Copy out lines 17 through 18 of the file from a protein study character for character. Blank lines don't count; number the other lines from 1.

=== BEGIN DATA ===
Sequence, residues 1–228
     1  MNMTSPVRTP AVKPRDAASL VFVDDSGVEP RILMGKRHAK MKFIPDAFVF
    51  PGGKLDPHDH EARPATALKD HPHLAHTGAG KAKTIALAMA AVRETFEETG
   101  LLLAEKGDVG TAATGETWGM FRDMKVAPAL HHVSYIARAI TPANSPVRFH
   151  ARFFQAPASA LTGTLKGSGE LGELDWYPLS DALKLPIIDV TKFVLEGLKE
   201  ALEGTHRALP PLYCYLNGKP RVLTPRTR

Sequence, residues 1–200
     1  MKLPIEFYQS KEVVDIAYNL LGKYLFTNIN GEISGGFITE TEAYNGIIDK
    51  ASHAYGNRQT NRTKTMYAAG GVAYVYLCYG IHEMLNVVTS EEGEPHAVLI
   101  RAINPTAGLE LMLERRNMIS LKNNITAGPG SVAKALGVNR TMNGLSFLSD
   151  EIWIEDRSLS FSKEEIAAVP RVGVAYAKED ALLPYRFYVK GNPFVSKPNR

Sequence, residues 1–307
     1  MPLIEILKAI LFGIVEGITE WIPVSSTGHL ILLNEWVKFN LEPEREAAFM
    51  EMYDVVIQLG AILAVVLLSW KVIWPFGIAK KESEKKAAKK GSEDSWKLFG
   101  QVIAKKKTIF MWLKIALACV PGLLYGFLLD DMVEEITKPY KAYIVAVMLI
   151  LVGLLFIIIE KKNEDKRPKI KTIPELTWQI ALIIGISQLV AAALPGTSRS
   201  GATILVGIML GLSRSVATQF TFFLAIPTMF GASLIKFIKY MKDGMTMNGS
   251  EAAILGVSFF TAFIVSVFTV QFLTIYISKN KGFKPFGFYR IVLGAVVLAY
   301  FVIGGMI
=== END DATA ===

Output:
   201  GATILVGIML GLSRSVATQF TFFLAIPTMF GASLIKFIKY MKDGMTMNGS
   251  EAAILGVSFF TAFIVSVFTV QFLTIYISKN KGFKPFGFYR IVLGAVVLAY